It is Part Three, however, that I personally found most interesting and refreshing. Devoted to the most fundamental issue at stake—did the rabbis consider women intrinsically equal to men—his starting point is the law of the Qatlanit. According to this law, if a woman was married twice in succession, and each time her husband died, she cannot marry a third time (or a fourth, according to some opinions). There is, however, no parallel ruling in the case of a man, if the women he was married to died in succession. The fourteenth- and fifteenth-century codes, the Tur and the Shulhan Arukh, even state this explicitly: “A woman who was married twice and whose husbands both died shall not marry a third [husband] . . . A man whose two wives died does not [or need not] abstain from marrying [again]” (p. 125, n. 6). On the surface, this ruling does not indicate equality, but, loyal to his task of uncovering the hidden, underlying concepts, Sassoon delves deeply and proves that the source of this imbalance is the rabbis’ belief in a unique quality relevant only to women and not to men, at least according to the thirteenth-to-fourteenth-century figure, the Rosh. “If this disposition were endemic to men as it is to women, then it is impossible that the sages would not have addressed it. For since the measure they took was to protect life, they would have protected the life of a woman the same as the life of a man. But the Talmudic sages were convinced that this disposition is endemic only to women . . .” (p. 126 n. 10). By highlighting the Rosh’s opinion, Sassoon accomplishes two aims: first, he exposes the essentialist assumption that women’s nature differs from men’s and accordingly they cannot claim discrimination, because a corollary of this difference is differential treatment; second, he again established the heterogeneity of the sources.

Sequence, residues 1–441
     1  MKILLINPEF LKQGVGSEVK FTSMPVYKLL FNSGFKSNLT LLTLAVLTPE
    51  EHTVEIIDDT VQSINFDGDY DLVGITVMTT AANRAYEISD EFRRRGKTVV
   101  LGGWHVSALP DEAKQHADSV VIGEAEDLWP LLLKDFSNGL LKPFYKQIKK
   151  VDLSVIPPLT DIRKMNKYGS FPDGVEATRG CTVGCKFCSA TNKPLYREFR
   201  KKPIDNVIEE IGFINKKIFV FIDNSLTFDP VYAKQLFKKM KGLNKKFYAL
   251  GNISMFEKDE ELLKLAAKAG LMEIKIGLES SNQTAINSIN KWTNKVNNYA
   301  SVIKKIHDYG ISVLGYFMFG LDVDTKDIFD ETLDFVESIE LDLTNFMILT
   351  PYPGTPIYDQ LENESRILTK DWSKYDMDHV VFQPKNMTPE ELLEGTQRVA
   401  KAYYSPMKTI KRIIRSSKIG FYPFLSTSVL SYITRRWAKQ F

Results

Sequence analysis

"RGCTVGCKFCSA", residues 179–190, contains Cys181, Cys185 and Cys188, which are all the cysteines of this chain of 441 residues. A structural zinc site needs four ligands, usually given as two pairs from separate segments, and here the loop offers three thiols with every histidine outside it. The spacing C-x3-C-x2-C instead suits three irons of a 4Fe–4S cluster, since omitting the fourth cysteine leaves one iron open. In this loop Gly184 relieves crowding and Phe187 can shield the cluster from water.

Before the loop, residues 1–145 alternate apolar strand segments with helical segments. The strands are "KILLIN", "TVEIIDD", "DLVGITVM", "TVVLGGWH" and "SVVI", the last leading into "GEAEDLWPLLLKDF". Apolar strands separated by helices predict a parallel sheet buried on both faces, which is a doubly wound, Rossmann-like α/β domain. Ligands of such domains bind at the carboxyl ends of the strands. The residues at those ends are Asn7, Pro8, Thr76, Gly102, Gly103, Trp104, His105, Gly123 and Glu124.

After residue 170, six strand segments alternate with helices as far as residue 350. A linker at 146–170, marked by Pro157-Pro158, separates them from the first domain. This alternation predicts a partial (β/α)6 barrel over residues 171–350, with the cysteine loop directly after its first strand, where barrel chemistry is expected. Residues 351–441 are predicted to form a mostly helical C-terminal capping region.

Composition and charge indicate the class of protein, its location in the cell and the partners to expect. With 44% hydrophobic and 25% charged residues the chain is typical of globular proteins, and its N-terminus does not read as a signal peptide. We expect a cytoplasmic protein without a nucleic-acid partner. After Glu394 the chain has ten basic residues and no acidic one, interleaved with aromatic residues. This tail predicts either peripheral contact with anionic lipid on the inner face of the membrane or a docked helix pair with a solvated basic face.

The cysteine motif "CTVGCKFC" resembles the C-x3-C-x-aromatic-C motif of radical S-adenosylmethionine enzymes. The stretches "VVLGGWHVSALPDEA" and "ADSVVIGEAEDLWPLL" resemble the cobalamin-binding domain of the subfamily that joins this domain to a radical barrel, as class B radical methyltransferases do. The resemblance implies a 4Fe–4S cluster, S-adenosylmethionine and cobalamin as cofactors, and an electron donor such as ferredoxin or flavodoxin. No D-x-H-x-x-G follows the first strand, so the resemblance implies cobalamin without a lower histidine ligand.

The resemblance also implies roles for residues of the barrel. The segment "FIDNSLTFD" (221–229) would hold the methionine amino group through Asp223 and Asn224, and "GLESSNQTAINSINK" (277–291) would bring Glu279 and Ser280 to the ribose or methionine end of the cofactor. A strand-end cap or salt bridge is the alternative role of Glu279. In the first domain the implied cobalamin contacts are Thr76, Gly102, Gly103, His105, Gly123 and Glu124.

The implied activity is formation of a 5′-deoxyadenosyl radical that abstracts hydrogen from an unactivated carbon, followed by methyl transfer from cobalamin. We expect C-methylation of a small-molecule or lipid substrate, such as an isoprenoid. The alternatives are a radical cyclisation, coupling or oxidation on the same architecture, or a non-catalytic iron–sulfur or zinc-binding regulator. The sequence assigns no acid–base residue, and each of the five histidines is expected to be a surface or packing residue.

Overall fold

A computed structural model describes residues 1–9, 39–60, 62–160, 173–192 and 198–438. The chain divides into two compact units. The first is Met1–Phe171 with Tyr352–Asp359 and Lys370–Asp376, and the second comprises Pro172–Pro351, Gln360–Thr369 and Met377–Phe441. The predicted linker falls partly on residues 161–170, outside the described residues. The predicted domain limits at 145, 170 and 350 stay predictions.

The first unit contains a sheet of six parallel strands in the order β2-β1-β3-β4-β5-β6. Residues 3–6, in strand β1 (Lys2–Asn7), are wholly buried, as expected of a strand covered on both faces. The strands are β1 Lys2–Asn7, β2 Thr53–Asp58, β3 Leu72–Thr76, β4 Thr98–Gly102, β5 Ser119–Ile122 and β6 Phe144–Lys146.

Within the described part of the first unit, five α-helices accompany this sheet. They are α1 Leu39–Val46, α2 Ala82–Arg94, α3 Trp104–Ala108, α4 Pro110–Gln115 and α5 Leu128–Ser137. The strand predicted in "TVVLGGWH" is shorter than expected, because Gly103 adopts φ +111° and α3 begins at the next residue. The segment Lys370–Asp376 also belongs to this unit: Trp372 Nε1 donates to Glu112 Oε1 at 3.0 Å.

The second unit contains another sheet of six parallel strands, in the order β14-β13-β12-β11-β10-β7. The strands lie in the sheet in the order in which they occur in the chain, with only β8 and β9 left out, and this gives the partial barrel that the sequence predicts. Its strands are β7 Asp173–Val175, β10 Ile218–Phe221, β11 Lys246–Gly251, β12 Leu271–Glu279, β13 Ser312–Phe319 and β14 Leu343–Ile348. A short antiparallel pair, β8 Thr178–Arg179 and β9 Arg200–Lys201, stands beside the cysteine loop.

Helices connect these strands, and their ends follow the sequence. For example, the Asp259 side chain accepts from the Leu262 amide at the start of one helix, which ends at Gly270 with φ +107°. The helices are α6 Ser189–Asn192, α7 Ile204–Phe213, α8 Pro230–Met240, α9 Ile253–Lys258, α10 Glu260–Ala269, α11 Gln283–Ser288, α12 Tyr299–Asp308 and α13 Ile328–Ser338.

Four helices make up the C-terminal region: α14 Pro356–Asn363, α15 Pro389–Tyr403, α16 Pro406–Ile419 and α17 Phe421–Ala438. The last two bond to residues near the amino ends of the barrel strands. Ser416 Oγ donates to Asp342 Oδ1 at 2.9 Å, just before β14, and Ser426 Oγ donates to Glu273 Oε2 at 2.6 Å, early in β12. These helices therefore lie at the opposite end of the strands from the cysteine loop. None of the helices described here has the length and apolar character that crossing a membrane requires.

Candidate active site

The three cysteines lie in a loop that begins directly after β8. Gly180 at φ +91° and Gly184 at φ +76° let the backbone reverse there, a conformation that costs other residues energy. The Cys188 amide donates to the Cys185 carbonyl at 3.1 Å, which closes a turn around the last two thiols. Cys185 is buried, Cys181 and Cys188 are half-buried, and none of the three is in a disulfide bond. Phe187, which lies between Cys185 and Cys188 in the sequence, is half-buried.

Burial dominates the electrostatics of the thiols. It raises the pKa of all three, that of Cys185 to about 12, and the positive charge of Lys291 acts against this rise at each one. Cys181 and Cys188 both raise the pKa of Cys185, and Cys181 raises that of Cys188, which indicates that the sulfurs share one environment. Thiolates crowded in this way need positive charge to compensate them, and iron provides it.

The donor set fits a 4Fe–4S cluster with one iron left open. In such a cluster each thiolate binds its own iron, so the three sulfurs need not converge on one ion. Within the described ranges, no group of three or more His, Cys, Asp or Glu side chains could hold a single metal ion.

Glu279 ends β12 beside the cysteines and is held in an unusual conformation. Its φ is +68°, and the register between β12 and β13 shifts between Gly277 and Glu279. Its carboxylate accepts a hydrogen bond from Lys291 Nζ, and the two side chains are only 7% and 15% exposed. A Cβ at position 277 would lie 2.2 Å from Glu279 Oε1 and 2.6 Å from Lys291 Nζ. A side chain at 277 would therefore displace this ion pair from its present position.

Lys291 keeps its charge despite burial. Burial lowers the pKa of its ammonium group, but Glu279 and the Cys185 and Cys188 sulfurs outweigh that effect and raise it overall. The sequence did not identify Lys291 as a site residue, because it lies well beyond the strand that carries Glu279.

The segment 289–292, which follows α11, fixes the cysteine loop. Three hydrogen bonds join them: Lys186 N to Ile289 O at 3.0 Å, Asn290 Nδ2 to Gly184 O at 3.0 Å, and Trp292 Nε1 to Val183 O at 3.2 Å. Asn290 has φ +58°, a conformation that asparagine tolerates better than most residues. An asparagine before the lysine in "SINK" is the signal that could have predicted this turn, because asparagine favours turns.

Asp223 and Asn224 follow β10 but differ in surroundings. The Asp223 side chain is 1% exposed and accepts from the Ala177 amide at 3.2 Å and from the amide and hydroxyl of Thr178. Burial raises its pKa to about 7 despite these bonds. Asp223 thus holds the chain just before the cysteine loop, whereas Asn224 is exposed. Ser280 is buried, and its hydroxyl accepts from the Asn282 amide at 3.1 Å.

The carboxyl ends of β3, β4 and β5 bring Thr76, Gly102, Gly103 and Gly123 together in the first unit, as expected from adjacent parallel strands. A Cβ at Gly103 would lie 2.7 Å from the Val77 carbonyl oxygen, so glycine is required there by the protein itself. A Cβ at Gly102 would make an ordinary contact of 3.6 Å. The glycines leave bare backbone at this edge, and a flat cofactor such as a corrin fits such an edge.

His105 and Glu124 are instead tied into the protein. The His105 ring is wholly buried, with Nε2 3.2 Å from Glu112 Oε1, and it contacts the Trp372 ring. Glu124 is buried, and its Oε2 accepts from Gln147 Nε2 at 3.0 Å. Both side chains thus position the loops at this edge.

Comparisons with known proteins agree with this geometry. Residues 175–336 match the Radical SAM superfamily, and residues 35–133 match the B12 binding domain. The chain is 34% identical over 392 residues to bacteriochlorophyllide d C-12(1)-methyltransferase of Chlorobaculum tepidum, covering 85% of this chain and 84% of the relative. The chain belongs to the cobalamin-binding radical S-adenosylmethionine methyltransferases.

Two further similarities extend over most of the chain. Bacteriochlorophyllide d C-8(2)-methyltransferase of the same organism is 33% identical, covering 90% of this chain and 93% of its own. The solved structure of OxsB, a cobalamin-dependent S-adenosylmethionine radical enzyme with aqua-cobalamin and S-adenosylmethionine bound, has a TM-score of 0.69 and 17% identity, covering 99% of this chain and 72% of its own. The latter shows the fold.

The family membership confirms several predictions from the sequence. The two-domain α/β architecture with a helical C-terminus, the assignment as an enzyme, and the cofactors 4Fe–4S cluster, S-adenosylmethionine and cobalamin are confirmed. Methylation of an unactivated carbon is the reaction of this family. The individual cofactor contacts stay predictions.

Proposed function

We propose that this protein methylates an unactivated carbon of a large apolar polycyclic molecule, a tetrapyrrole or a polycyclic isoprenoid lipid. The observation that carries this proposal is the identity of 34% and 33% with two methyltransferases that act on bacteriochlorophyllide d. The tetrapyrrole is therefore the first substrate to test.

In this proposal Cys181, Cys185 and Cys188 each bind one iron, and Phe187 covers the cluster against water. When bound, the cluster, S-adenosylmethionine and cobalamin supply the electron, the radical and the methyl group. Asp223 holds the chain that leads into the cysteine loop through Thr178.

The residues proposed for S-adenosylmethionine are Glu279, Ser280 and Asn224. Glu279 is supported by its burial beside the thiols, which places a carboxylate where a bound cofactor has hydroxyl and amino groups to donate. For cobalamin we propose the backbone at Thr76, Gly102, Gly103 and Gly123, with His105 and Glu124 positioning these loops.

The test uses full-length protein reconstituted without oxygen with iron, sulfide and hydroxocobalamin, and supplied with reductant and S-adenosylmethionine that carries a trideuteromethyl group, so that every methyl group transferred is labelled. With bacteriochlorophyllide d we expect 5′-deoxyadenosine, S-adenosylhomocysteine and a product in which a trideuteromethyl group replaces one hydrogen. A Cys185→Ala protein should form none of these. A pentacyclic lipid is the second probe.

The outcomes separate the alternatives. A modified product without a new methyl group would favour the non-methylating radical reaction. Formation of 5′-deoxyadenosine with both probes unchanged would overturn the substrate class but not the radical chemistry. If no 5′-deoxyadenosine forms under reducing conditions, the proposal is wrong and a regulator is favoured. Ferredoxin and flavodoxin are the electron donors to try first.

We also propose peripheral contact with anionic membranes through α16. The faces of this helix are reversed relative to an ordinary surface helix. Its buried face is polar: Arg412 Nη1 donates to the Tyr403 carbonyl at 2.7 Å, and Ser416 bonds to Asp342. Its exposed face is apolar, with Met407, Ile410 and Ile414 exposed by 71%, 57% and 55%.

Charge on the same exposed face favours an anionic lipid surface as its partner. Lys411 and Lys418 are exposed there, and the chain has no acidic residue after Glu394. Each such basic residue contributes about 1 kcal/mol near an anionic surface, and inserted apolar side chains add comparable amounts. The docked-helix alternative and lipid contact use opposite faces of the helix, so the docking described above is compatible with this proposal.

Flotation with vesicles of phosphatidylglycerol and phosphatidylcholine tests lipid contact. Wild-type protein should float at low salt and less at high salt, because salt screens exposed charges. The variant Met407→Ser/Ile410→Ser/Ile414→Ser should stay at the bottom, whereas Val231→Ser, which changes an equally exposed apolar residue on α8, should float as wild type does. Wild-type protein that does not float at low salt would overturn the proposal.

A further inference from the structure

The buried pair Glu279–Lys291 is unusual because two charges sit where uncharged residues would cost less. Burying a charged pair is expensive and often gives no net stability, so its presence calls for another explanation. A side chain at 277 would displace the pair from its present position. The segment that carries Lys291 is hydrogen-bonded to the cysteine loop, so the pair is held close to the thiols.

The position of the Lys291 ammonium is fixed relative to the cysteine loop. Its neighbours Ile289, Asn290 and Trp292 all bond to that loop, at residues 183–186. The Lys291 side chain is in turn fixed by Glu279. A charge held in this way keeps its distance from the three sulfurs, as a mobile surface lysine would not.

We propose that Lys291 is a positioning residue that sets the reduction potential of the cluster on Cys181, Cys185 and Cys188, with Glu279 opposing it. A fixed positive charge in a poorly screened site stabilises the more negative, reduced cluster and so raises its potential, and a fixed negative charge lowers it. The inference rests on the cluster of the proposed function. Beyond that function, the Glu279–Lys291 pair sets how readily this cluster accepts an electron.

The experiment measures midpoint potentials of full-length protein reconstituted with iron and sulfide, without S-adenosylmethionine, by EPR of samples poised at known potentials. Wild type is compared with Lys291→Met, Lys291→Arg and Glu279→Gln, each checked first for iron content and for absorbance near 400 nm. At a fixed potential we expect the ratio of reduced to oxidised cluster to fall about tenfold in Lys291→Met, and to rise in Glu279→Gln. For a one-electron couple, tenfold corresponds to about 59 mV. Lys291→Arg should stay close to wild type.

As stated in the opening, I believe that this type of inquiry has great value; it does, however, have some problematic aspects. Sassoon’s methodology reminds me of an article by Cynthia Ozick from the early 1980s: there she made a claim (challenged by Judith Plaskow) that the problem of women in Judaism is not theological, not inherent in the essence of Jewish tradition, but “merely” sociological, grounded in various influences that found their way into the Jewish world, especially ideologies or superstitions regarding women. Because they are not intrinsic to Judaism, but rather culturally and historically bound, they can easily be repaired (see On Being a Jewish Feminist: A Reader, ed. Susannah Heschel [New York: Schocken Books, 1983]). In my view, this is not the reality in the Orthodox world, where contemporary decisors grasp what we view as time-determined beliefs or conceptions as the eternal truth. A case in point is the debate over the notion of “kevod ha-tsibbur” (congregational dignity) in relation to women reading from the Torah in synagogue, which Ozick views as easy to overcome but which sparked a backlash among Orthodox rabbis. If Sassoon thinks (as I suggest he does) that his inquiry can chart a path to more egalitarian concepts today, I believe he is mistaken regarding halakhic Judaism. If his goal was simply to demonstrate that rabbinic literature can be read as suggesting gender justice, at least to some degree and for some authorities, and that this literature possesses diversity, he has accomplished his goal; but this in turn exposes him to an accusation of triviality. From the feminist perspective, in addition, there is much more to be stated regarding essentialism as a tool for achieving dominance. Listening carefully to MacKinnon, it is understandable why contemporary halakhic leaders are unwilling to relinquish essentialism. If women are grasped as different, then they are always different from men, who tend to serve as the norm. Also, equality (at least according to the accepted Aristotelian notion) therefore requires different treatment for women, which perpetuates and fixes their traditional roles. Also pertinent to the broader discussion is the widespread tendency to explore the world view of classical Jewish sources regarding women without reference to modern or contemporary halakhah.

Ronit Irshai

The Gender Studies Program

Bar Ilan University